Neighbourhood Walk Score

In reading a recent Toronto Life article “House Wars: true tales from the Toronto real estate market” I got to thinking about how the walkability of your home effects your life, and where exactly you live.

El Granto & I do not own a car, we commute via TTC to our jobs and walk pretty much everywhere else. I buy groceries 3 times a week (Monday, Wednesday and Friday) because I can only carry so much. I buy only the food we plan to eat for that week, and as such we don’t have a lot of pantry items, snack goods or the like hanging about. I buy milk from the corner store as it’s too heavy to schlep farther than that, and we buy all our bread and meats from a local bakery & butcher, and in the summers we frequent local farmers markets.

Living downtown sans car means a lot of things to your lifestyle. Our weekends are spent walking to local amenities, restaurants and parks. To the hardware store to procure items for our home projects, and grabbing a coffee and heading out for an adventure with the dog. So when the Toronto Life article touched on Walk Score it got me thinking. We knew that when we bought our house the location played an important role. We could get a much bigger house say north of St. Clair and west of Jane, but we would be stuck on a bus to get anywhere near the subway, and lacked a lot of the things we loved. (Evening drinks with friends, Thai takeout etc.) We set a goal of living south of Dupont, and luckily we found it. Truth be told, our house was one of only 3 houses that we even looked at south of Dupont. One of the three was a major fixer on Euclid that went several hundred thousand over asking, and the other was a hoarders house in the Junction, that again, went over asking. We looked at over 100 houses, and really felt that we lucked out finding a house in the location that we did.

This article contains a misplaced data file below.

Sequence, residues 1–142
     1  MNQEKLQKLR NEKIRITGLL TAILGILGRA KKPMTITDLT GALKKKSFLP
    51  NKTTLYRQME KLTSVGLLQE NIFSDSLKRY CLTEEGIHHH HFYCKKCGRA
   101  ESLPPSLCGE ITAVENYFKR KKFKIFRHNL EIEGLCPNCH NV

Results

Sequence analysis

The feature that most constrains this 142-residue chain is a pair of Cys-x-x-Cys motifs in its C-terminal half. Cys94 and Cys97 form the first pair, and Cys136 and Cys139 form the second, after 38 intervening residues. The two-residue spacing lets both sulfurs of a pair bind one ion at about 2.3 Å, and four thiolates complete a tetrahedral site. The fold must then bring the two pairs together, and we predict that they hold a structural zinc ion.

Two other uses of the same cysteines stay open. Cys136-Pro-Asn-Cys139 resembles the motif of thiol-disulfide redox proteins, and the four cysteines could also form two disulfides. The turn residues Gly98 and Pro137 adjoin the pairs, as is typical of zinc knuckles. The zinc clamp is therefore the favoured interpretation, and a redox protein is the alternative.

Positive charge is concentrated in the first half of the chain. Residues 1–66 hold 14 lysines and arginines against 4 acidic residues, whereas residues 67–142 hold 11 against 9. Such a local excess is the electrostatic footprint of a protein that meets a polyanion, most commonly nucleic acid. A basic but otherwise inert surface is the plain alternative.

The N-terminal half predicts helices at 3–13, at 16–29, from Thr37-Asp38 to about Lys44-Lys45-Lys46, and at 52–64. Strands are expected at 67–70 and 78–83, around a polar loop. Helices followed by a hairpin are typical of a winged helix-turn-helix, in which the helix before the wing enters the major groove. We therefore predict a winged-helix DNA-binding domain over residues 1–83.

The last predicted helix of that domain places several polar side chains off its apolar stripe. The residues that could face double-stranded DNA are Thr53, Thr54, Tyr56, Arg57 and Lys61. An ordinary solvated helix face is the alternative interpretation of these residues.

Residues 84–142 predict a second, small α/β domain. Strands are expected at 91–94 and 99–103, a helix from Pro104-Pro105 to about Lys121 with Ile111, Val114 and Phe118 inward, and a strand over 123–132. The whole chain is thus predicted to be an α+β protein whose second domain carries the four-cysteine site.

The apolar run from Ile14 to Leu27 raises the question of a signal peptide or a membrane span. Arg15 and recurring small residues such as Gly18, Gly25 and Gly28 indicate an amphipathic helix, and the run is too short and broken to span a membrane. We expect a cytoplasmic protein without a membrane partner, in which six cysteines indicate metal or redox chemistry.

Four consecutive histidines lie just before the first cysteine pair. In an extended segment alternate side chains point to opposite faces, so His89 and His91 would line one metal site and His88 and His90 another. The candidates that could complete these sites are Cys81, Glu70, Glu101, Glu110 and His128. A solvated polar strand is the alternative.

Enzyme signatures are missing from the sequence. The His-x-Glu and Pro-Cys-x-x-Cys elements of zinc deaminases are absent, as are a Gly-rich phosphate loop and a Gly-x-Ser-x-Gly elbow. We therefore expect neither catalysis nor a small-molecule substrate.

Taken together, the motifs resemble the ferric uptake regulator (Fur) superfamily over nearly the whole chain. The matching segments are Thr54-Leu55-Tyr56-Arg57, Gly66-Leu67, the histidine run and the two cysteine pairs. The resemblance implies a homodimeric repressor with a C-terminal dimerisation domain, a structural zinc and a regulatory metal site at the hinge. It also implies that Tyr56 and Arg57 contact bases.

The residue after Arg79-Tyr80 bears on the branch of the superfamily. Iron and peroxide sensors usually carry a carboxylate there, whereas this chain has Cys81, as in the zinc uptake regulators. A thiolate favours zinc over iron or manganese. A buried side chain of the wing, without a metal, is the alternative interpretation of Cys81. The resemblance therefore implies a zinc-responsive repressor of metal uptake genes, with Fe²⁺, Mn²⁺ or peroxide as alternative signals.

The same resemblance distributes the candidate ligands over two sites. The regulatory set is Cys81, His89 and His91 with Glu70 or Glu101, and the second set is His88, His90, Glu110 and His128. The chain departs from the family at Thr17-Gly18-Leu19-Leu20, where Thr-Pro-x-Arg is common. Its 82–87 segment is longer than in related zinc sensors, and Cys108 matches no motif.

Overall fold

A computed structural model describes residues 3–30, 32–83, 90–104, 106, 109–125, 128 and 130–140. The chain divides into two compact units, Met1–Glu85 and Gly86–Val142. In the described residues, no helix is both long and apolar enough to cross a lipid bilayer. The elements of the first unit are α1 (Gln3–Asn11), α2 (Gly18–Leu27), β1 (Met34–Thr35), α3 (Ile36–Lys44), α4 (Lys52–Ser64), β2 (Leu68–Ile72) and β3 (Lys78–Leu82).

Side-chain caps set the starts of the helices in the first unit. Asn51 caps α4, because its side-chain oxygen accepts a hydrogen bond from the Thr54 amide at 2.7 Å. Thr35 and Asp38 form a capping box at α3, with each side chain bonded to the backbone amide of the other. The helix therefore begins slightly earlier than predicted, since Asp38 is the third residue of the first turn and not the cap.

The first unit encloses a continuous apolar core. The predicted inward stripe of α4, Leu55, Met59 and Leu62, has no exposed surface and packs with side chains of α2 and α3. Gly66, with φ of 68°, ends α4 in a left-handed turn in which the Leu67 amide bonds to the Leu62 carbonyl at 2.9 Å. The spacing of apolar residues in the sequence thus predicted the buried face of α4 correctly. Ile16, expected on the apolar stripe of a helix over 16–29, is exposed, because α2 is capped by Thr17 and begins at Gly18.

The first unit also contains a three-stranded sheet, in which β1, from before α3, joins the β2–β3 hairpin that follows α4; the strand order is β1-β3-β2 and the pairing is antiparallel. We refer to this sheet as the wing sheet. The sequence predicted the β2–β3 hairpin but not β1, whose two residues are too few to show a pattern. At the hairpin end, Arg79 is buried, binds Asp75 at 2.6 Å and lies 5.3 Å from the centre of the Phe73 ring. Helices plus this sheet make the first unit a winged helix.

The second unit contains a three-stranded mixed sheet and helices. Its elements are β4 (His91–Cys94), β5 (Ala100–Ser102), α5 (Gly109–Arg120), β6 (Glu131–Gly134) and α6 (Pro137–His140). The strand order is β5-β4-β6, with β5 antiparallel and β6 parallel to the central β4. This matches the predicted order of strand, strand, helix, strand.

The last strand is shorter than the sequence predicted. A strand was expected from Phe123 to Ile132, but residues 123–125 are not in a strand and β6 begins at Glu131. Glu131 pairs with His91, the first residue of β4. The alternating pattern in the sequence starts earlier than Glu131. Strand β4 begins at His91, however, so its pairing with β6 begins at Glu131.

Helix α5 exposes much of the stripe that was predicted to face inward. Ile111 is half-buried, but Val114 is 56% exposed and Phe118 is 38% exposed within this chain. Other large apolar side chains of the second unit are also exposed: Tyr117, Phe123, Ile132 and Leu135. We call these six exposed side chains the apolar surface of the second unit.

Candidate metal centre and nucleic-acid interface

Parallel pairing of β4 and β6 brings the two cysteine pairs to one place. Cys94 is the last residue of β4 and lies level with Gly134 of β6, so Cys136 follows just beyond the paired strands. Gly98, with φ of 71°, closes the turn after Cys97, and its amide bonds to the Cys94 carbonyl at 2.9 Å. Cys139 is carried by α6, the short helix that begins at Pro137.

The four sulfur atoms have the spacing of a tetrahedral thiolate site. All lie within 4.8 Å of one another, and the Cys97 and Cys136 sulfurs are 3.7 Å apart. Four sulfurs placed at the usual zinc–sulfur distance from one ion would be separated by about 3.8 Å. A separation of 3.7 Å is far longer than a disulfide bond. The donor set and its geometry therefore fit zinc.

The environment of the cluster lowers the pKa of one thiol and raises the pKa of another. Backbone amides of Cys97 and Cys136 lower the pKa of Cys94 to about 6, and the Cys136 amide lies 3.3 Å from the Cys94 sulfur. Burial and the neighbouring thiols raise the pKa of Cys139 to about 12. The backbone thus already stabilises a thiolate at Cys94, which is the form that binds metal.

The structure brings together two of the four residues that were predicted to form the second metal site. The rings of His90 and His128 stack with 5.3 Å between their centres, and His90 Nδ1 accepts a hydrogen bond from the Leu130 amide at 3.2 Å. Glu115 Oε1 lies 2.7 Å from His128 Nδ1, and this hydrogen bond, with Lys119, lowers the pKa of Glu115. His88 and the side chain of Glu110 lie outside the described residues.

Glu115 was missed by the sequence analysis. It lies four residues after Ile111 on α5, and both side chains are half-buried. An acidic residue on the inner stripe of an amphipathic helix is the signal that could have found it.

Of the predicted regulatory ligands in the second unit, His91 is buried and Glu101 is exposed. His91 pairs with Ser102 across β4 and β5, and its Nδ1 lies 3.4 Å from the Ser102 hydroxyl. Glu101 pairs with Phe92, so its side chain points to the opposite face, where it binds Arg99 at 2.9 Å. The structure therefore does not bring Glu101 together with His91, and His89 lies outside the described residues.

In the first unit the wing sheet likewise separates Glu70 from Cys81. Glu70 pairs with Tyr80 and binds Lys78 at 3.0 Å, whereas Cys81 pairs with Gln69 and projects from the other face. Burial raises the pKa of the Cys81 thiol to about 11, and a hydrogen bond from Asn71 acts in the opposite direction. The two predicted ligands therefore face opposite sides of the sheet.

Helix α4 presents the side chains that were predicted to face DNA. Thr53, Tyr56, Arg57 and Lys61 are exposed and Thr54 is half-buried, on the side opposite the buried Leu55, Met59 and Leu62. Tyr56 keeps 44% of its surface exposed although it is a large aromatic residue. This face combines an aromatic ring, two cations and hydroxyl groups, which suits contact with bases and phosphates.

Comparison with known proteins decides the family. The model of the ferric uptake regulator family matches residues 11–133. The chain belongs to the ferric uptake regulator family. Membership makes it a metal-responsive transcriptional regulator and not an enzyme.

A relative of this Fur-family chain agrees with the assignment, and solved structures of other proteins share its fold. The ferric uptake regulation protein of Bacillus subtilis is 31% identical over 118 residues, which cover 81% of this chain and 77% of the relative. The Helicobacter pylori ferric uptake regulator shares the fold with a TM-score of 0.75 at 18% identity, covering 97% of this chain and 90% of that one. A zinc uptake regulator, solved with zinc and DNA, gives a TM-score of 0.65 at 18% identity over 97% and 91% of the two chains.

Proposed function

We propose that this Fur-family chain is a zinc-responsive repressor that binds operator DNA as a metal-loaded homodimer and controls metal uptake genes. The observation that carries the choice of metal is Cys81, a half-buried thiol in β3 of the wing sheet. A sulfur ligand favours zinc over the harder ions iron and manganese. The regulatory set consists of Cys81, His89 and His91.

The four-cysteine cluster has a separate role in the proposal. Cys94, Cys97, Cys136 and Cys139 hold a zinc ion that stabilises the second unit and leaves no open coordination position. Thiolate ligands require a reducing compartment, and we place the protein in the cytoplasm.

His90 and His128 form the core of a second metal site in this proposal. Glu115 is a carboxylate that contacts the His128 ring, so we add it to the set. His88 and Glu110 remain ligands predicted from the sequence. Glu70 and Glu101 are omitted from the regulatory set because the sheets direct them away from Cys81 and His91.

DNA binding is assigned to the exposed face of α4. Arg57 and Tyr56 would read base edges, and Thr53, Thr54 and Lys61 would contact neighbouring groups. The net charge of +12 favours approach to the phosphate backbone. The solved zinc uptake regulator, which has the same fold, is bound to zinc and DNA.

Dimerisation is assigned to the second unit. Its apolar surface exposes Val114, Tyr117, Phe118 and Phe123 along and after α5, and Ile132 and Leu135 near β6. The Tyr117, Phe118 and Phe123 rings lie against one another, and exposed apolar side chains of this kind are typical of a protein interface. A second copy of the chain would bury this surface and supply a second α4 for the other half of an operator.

So back to Walk Score, I checked out our score today and noted that our house gets an 82 (out of 100) on its Walk Score and a 94 on Transit Score. That’s not bad and pretty much what we thought. Our neighbourhood is transitional (drug dealers and hookers are moving out, and hipsters  & young families are moving in.) As this transition moves forward more amenities move into the neighbourhood. We’ve got some great local restaurants (Starving Artist, Bloordale Pantry, Farmhouse Tavern to name a few) as well as great places to grab a pint (3 Speed, Bar Neon & Boo Radley’s) and lately coffee shops have been popping up like acne on teenage face. Café Neon and the Toronto Coffee Company among others. In contrast, when we moved into the house, Bloordale Pantry, Farmhouse Tavern, Bar Neon, Café Neon and Toronto Coffee Company didn’t exist. That’s a lot of new amenities moving in to the hood in the last year and a half. Hell, even the New York Times recently featured the neighbourhood in a Travel slideshow/article. Check it out here.

Transit however has always been good. We’ve got Bloor/Danforth subway, the Bloor GO Station, a plethora of buses (Lansdowne, Dupont, Symington, Dufferin) and the 504 & 505 streetcars. We knew with good transit options that our neighbourhood had too much to offer to stay underutilized forever. Now as we grow together in our first home we keep seeing the building permits go up in the windows around us, the junkies disappearing and the neighbourhood seems to get better every day.

So whats your Walk Score? Did you move into your neighbourhood before it was hip?

2 Responses

  1. @ Jeanette. Your walk score is great! I think that whats made the biggest boom in our hood is the new developments. We have lofts,towns & condos being built on a lot of the old industrial lands that used to proliferate our neighbourhood. I think the old vacant run down buildings aided in the neighbourhood's seedy past, but it's also quickly rejuvinating it, as many young families can get into the neighbourhood. It was a risk to buy into when we did, but we got lucky.The growth could have been a lot slower, it really has exceeded our expectations. I definitely like seeing the parks being filled with kids and dogs rather than drug dealers!
  2. Oh, you are in a good neighbourhood! My neighbourhood has a walk score of 80 and a transit score of 79 - not quite as good as yours, but definitely acceptable. The neighbourhood is also in transition, but a different, slower transition, I think, than the one yours seems to be going through. We're on the east side, where a lot of the original Greek immigrants are still holding onto the homes they worked hard for, but slowly, slowly, young families are moving in.

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